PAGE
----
Asbestos News July 2017
Somerset coroner Tony Williams said it was impossible to tell when or where Mr McInerney's exposure to the asbestos would have occurred
A former builder from Yeovil who died of asbestos contamination may have inhaled lethal fibres decades before fatal cancer developed.
Michael McInerney, 77, who lived in Sunningdale Lodge Care Home in the town, and was originally from Chard, had been diagnosed with mesothelioma - A cancer associated with asbestos contamination.
He was admitted to Yeovil Hospital on June 26 for palliative care as his condition was incurable.
Somerset coroner Tony Williams said it was impossible to tell when or where Mr McInerney's exposure to the asbestos would have occurred.
He said the fibres could lie in the lungs for many years from a much earlier time - "decades" before they triggered the disease.
He recorded the cause of death as malignant mesothelioma and concluded it was death by industrial disease.
Barroerock Construction Limited has been fined after repeated asbestos failings.
Canterbury Crown Court heard yesterday how the Health and Safety Executive (HSE) carried out two investigations of working practices of the site in 2013 and 2014 while Barroerock were converting into flats a former nine storey office building in Ashford, Kent, which was known to contain asbestos.
The first investigation arose from a routine inspection during one of HSE's refurbishment campaigns. The Court was told that while a refurbishment and demolition (R&D) survey had been carried out the company had failed to act upon it. This resulted in up to 40 workers being exposed to asbestos during the early demolition phase of the project.
The second investigation culminated in a visit to the site in June 2014 following complaints being made about the health and safety practices at the site. It was found that despite engaging a licensed asbestos contractor to remove the remaining asbestos materials, dangerous practices were continuing. In addition the company was unable to provide documentation to show that asbestos materials identified in the survey had been correctly removed. When the work on site was halted for the second time about 160 people were working inside the building.
It was found in both HSE investigations that these incidents could have been prevented if Barroerock ensured they had effective management controls in place to avoid the risk of exposure to asbestos.
Barroerock Construction Limited of Langley House Park Road, East Finchley, London, who had pleaded guilty to two offences of breaching Regulation 22 (1) (a) of the Construction Design and Management Regulations 2007 at an earlier hearing, has been fined £750,000 and ordered to pay costs of £14,874.68.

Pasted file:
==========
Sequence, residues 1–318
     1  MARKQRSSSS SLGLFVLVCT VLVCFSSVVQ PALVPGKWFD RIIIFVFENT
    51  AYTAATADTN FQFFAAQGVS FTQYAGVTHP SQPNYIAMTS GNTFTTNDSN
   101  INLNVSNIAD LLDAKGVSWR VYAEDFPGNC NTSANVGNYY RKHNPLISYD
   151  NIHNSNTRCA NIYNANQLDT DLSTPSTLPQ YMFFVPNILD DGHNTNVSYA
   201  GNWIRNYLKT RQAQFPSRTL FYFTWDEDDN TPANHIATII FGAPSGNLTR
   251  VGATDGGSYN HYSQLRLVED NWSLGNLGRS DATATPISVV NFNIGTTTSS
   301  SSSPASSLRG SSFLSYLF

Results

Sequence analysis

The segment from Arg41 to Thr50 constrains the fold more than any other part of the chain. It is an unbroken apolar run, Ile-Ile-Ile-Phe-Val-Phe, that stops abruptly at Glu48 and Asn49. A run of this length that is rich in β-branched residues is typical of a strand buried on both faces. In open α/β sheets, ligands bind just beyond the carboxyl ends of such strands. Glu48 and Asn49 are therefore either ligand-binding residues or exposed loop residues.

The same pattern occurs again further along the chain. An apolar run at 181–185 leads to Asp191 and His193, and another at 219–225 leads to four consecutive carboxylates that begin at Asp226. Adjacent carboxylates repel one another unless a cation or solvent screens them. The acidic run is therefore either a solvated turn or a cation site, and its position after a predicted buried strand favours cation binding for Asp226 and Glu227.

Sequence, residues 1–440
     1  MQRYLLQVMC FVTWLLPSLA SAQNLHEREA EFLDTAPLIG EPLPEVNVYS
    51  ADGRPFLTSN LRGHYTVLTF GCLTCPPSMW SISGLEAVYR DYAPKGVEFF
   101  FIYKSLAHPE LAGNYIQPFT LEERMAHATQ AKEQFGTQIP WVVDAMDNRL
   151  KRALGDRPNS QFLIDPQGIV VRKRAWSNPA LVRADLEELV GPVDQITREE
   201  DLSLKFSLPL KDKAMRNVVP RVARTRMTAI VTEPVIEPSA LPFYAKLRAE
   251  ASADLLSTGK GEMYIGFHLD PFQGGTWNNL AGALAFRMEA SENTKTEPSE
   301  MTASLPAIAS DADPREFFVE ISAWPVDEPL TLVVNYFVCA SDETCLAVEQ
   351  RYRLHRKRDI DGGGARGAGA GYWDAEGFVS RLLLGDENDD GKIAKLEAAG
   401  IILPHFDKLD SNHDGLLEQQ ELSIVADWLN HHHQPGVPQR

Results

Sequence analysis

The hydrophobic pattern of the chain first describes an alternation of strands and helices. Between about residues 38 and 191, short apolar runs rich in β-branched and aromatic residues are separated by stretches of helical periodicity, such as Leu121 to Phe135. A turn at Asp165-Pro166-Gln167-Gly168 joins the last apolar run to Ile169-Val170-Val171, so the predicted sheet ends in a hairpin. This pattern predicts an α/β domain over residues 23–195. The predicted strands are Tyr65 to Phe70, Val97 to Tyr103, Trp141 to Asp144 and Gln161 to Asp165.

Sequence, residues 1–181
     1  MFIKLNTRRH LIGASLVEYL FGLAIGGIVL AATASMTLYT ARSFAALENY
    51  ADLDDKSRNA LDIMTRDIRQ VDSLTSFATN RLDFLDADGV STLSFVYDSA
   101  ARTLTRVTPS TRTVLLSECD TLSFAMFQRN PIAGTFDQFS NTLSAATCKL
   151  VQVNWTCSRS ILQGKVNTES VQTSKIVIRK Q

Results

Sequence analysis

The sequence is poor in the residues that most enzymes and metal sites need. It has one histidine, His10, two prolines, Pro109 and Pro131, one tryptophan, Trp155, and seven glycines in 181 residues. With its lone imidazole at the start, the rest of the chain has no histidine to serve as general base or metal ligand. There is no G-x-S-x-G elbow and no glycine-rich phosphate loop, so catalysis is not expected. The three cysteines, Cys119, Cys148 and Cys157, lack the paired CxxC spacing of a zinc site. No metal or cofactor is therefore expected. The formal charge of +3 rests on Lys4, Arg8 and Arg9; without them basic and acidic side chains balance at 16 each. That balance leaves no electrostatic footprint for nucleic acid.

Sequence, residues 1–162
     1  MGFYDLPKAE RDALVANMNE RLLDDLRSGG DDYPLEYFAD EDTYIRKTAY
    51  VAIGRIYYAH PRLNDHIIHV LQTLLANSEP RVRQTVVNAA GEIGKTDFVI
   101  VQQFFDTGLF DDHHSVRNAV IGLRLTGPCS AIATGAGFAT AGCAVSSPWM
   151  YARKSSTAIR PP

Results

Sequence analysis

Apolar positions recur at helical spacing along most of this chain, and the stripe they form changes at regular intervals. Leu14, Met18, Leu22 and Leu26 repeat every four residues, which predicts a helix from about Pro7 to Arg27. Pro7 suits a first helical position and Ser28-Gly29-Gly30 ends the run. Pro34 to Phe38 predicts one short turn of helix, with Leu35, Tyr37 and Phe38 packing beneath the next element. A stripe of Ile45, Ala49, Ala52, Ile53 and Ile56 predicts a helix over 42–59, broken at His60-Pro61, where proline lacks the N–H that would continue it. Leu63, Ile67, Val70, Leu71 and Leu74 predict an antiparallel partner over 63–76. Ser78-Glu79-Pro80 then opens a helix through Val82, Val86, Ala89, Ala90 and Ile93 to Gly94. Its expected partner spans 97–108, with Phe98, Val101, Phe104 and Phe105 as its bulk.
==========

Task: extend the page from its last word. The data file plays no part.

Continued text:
Speaking after the hearing HSE inspector Melvyn Stancliffe said: "The company's failings in this case has put many workers at risk to the exposure of asbestos.
"It was clear there was an endemic failure to effectively manage the construction work on the site in a way which ensured that asbestos materials were not disturbed until removed under appropriate conditions. Failing to prevent the breathing in of asbestos fibres on the site is reckless."
The Armed Forces Covenant recognises that the nation has a moral obligation to service personnel and their families
Last autumn, The Independent highlighted a loophole which left armed forces veterans who had developed cancer as a result of exposure to asbestos unable to obtain proper compensation.
The Mesothelioma Act 2014, which provides for lump-sum payments to civilians who contract the disease, was not applicable to veterans. Because the time between diagnosis and death is usually no more than a year or two, this meant that affected ex-servicemen and women – who could apply only for war pension relief – were likely to receive about £150,000 less than civilian victims.
Shortly before Christmas, the Government bowed to pressure and confirmed that former forces personnel would be eligible for full compensation as a lump sum; but the policy would apply only to those diagnosed after 16 December.
In time, there may be at least 2,500 applicable cases, but the decision left in limbo about 60 veterans already living with mesothelioma. This loophole has also, thankfully, now been closed. It is a reminder of the vital role that the media, alongside campaign groups such as the Royal British Legion, can play in raising the profile of social injustice.
Most crucially, the Government’s decision will offer a degree of relief to those who have already fallen victim to this particularly aggressive cancer. Receiving proper compensation will enable them to live the remainder of their lives in greater comfort and help their families to plan for the future.
The Armed Forces Covenant recognises that the nation has a moral obligation to service personnel and their families. Acknowledgement that this imperative should also drive government policy towards those who were placed in the way of deadly asbestos is welcome. But what a tragedy that it will come too late for some.
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